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A Thing Called Divine Fits
Photo by Autumn DeWilde
No one seems apt to write a review of the Divine Fits’ new record without using the “S” word. Though the term originally has its origins rooted earnestly in the “Super Session” — a 1968 record by Stephen Stills and Mike Bloomfield — the “supergroup” label reeks by now of a commercially marketed plastic façade. As Fits’ singer Britt Daniel (Spoon) told SPIN Magazine in a recent interview, “It sounds like a bunch of managers got together and said ‘You know, if we got these people in a room…’” Observed singer Dan Boeckner (Handsome Furs, Wolf Parade) in the same interview, “Can you think of many bands that were called supergroups that were actually good? No, not really.”
They’re both right. By its nature, the formation of a “supergroup” threatens to immediately cast a creative differential that’s in many cases irreconcilable, and that as a result frequently goes unfulfilled. Any great band is more than the sum of its parts, but if a collaboration of heavyweight talent fails to produce the killer record you might expect — an instant classic, even — that’s a big disappointment for the fans of all the members involved, who end up just wishing the respective counterparts had spent the time and effort just working on a new record with their own bands.
The good news is: the Divine Fits isn’t really a supergroup, at least not in the conventional sense, the sense in which The Traveling Wilburys or Oysterhead were supergroups. Instead, they feel more like a side project for the two singers, Daniel and Boeckner, that New Bomb Turks’ drummer Sam Brown happens to have been around to bang on a kit for. Mostly though, you get the sense that it’s Daniel’s spare-beats-driven songwriting style that created this record, A Thing Called Divine Fits, in some places allowing him to enjoy the addition of a rhythm guitar part, supplied by Boeckner, that isn’t available to him in Spoon recordings, resulting at times in a fuller sound for his music.
But in most cases on this record, the difference between what he’d call a “Divine Fits song” and what he’d call a “Spoon song” is difficult to resolve. ”Flaggin A Ride” and “Like Ice Cream,” may as well be deep cuts from Spoon’s last record, Transference. ”Neopolitans” updates Spoon’s “The Ghost Of You Lingers,” despite the fact that it’s Boeckner, and not Daniel, who sings it. Rather than a musical collaboration in the truest sense — composition created by the songwriting talent of two or more people, and where the input of independent musicians spawns new material that neither one would have come up with on his or her own — A Thing Called Divine Fits sounds more like a record of five Britt Daniel tracks that Dan Boeckner plays on, and four Dan Boeckner tracks that Britt Daniel plays on, four tracks that almost seem written and sung with Spoon in mind by a clearly enchanted and beholden Boeckner. Even the credited songwriting collaboration — “What Gets You Alone” — sounds like a Spoon song (Daniel wrote the music, after all), with Boeckner’s lyrics delivered almost as though he’s trying to sound like Spoon’s frontman.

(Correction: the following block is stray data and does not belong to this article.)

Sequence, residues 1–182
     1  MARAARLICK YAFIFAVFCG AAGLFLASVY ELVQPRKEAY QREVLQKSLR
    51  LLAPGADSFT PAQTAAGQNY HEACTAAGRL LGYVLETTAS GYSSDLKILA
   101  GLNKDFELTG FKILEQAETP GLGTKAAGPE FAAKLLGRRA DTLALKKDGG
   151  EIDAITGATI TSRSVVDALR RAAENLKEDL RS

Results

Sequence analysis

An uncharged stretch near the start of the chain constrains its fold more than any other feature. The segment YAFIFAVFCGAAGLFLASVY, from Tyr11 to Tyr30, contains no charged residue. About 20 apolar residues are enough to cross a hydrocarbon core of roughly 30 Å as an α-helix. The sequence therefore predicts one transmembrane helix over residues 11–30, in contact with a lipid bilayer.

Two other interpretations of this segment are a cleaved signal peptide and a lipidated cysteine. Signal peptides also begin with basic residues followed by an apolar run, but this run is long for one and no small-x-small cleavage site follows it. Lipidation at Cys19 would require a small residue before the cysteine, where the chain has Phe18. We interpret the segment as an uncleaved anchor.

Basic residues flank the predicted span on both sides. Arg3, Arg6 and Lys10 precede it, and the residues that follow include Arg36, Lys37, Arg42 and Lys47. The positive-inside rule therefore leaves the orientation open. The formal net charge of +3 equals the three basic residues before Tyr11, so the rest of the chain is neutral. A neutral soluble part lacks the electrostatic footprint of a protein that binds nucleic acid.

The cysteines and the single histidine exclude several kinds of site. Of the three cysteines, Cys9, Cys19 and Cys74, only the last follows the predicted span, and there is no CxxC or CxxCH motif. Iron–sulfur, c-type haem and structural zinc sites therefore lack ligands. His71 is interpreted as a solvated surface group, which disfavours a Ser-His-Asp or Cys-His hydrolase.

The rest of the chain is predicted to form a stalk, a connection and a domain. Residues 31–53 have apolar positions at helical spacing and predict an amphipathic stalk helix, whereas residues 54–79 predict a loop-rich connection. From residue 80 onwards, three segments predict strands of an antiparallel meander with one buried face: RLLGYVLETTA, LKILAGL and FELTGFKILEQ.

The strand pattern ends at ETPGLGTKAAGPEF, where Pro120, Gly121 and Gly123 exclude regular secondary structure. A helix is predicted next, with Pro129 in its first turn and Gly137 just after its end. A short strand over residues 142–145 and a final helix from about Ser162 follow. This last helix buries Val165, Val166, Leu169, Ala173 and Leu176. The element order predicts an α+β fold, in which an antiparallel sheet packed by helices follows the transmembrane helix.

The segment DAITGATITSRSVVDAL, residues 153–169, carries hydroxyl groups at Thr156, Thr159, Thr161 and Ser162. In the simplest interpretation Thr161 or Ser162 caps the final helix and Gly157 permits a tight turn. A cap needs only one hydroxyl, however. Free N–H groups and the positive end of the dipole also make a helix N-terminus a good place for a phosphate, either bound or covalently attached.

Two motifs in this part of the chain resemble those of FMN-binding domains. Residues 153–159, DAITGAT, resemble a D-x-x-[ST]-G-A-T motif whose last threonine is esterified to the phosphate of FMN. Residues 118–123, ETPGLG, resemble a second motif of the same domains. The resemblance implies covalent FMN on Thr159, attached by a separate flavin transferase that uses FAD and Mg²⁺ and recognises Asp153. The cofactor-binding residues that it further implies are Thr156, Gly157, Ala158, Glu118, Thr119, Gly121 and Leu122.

(If you’re doing the quick math, yes, there are eleven tracks on this record. Track nine, “Shivers,” is a cover of a 1978 Birthday Party song, updated and perfectly delivered by Britt, channeling his best post-punk Rowland S. Howard and
infusing his own brand of Plastic-Ono-Band-era, primal-scream Lennon and, yes, it’s beyond all critique.)
In fact, all of this, it’s hardly even criticism. The Fits’ first record is a labor of love, and their love is real. Sometimes you can’t ask for more than that. Daniel’s and Boeckner’s styles aren’t so dissimilar as to create even a note of incohesive dissonance within this collection of songs, or in the discernable line of dichotomy between Boeckner’s and Daniel’s contributions. With Spoon, Daniel created a novel, original, sustainable style for modern rock, muscular in its execution and far-reaching in its influence. With the Divine Fits, we don’t see much evolution in his songwriting or delivery. But that’s okay, because, what we do get is the same reliable quality from him that we’ve always gotten. And if their project lasts, The Divine Fits may never achieve much more than to simply toe the line between “sum of its parts” and “being more than that.” That said, if the parts to tally include the visionary and seemingly inexhaustible talent of Britt Daniel and two other honest and talented musicians, the total will always be worth pressing play.